European Pesticide Ban

Europe Set to Vote on Pesticide Ban to Save Honeybees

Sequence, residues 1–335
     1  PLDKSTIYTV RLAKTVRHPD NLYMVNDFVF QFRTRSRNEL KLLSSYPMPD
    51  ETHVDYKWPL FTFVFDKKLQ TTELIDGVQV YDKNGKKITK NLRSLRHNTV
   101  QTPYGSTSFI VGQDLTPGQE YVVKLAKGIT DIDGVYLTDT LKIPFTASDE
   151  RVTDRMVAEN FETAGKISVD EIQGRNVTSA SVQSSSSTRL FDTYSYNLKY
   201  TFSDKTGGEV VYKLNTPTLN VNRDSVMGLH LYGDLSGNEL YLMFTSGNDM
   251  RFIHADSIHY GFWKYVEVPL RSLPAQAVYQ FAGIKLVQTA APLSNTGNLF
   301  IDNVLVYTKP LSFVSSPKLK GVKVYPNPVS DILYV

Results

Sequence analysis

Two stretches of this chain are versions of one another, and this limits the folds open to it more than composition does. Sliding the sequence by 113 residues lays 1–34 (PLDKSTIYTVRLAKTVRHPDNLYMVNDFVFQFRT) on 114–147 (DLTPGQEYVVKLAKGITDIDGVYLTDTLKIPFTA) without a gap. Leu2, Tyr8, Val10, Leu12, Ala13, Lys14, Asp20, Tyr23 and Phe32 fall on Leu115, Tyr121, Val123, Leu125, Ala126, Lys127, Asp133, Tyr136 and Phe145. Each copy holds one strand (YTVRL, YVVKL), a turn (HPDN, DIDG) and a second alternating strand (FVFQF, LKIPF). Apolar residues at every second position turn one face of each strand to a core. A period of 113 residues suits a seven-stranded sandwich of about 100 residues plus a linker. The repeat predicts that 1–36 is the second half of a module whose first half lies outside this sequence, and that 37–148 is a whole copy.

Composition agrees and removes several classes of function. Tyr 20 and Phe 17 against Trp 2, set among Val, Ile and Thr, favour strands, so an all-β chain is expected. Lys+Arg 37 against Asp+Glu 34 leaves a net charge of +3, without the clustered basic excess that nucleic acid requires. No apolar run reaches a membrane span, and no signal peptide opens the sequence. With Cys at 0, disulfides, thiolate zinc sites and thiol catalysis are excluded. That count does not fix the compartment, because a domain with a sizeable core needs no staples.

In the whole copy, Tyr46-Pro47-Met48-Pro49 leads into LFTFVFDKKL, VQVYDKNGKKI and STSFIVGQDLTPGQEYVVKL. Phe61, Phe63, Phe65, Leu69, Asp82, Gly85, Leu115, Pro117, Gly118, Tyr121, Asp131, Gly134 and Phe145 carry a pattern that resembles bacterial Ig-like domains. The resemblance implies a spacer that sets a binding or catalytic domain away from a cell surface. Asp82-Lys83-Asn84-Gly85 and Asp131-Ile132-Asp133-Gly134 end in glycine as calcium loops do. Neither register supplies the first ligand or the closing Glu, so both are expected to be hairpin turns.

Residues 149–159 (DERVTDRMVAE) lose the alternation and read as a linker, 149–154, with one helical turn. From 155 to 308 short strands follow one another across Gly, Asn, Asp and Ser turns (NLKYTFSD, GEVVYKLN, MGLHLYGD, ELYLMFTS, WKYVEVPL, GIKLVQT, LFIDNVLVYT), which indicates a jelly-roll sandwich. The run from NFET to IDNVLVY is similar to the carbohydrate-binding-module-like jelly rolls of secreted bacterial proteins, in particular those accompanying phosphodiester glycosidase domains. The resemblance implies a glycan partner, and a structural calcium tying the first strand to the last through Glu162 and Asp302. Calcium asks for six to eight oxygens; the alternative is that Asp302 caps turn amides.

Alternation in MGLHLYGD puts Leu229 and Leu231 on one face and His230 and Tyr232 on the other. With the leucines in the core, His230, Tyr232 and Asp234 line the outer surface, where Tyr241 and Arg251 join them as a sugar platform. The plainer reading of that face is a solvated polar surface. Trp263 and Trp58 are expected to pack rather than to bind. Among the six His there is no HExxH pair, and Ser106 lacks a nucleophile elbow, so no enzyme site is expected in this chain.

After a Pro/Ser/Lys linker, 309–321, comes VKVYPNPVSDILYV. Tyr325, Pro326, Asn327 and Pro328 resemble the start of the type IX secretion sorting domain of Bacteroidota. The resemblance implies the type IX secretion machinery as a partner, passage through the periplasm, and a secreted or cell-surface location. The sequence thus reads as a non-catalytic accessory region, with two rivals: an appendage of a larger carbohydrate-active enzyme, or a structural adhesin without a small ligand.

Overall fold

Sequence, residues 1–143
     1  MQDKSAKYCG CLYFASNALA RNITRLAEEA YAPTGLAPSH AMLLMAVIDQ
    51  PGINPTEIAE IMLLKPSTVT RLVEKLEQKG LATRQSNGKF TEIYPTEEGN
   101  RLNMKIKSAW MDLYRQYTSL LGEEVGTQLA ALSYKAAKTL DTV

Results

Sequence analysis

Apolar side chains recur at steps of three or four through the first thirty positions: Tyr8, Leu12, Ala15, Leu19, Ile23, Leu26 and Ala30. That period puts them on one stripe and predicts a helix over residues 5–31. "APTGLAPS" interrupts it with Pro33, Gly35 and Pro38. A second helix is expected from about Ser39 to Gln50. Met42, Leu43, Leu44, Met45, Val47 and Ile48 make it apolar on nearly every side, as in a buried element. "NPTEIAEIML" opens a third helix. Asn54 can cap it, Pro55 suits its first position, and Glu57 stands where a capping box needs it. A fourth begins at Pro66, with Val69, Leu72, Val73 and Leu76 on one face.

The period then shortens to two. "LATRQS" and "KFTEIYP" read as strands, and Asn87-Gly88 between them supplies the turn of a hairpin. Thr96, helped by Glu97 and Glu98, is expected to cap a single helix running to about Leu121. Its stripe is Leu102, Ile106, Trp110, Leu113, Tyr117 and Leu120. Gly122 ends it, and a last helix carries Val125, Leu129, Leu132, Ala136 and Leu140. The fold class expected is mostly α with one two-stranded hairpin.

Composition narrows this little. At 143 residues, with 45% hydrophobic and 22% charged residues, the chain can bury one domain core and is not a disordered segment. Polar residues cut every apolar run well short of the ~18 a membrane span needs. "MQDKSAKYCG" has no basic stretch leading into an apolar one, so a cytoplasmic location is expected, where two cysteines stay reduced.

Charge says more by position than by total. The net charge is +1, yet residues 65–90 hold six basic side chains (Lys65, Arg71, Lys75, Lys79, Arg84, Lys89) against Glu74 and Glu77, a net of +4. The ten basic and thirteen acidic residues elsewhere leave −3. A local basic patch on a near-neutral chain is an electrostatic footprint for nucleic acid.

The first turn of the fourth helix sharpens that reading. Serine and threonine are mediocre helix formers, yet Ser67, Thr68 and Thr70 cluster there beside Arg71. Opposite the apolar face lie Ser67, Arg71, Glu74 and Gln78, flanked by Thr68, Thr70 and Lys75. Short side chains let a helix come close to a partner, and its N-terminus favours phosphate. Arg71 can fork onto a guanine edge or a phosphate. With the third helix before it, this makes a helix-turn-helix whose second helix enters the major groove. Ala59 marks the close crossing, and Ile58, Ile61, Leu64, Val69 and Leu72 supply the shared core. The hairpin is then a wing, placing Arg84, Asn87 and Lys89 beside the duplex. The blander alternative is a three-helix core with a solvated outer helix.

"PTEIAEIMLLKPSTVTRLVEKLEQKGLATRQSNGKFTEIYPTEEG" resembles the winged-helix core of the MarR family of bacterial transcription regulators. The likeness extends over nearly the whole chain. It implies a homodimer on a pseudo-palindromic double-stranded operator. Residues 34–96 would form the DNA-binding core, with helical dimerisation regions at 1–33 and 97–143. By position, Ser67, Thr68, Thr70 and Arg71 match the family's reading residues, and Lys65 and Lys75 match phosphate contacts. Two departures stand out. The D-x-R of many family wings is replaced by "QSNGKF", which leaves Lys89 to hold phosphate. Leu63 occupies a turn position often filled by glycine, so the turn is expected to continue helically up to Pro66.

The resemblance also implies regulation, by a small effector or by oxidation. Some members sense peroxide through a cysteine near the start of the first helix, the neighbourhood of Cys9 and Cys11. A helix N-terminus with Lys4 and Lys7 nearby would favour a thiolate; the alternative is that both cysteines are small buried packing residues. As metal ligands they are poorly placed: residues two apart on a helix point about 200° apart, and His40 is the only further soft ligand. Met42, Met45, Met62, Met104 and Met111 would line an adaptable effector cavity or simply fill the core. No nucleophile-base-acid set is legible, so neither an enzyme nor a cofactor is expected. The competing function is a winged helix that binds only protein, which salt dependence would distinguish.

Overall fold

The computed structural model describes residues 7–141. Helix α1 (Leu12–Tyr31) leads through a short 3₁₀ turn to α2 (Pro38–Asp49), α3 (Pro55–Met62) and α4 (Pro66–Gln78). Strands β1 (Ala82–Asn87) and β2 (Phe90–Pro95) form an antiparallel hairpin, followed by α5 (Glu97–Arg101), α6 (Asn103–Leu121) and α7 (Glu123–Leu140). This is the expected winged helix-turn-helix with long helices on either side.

A proposed ban of pesticides called neonicotinoids is gathering scientific support as some experts are calling for more field studies. The goal is to reverse massive honeybee hive die-offs, which also afflict U.S. farming. Across the globe, hives of honeybees are dying off in a phenomenon known as colony collapse disorder. Among the proposed culprits are pesticides called neonicotinoids, which are supposed to be less harmful to beneficial insects and mammals than the previous generation of chemicals. Environmentalists hailed a “victory for bees” today after the European Union voted for a ban on the nerve-agent pesticides blamed for the dramatic decline global bee populations. Despite fierce lobbying by the chemicals industry and opposition by countries including Britain, 15 of the 27 member states voted for a two-year restriction on neonicotinoid insecticides. That gave the European Commission the support it needed to push through an EU-wide ban on using three neonicotinoids on crops attractive to bees.